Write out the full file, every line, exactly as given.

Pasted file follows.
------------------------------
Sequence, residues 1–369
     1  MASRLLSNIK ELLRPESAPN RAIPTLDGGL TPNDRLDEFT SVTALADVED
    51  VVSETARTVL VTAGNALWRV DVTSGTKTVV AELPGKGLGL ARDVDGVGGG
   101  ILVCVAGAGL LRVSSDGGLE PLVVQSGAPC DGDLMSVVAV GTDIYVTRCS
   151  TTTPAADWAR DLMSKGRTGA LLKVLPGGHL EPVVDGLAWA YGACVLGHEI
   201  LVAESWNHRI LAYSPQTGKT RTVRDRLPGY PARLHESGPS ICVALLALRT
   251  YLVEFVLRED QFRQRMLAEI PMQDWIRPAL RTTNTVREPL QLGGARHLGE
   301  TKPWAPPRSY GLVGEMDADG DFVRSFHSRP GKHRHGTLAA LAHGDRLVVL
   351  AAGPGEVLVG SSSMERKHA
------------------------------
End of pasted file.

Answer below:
Sequence, residues 1–369
     1  MASRLLSNIK ELLRPESAPN RAIPTLDGGL TPNDRLDEFT SVTALADVED
    51  VVSETARTVL VTAGNALWRV DVTSGTKTVV AELPGKGLGL ARDVDGVGGG
   101  ILVCVAGAGL LRVSSDGGLE PLVVQSGAPC DGDLMSVVAV GTDIYVTRCS
   151  TTTPAADWAR DLMSKGRTGA LLKVLPGGHL EPVVDGLAWA YGACVLGHEI
   201  LVAESWNHRI LAYSPQTGKT RTVRDRLPGY PARLHESGPS ICVALLALRT
   251  YLVEFVLRED QFRQRMLAEI PMQDWIRPAL RTTNTVREPL QLGGARHLGE
   301  TKPWAPPRSY GLVGEMDADG DFVRSFHSRP GKHRHGTLAA LAHGDRLVVL
   351  AAGPGEVLVG SSSMERKHA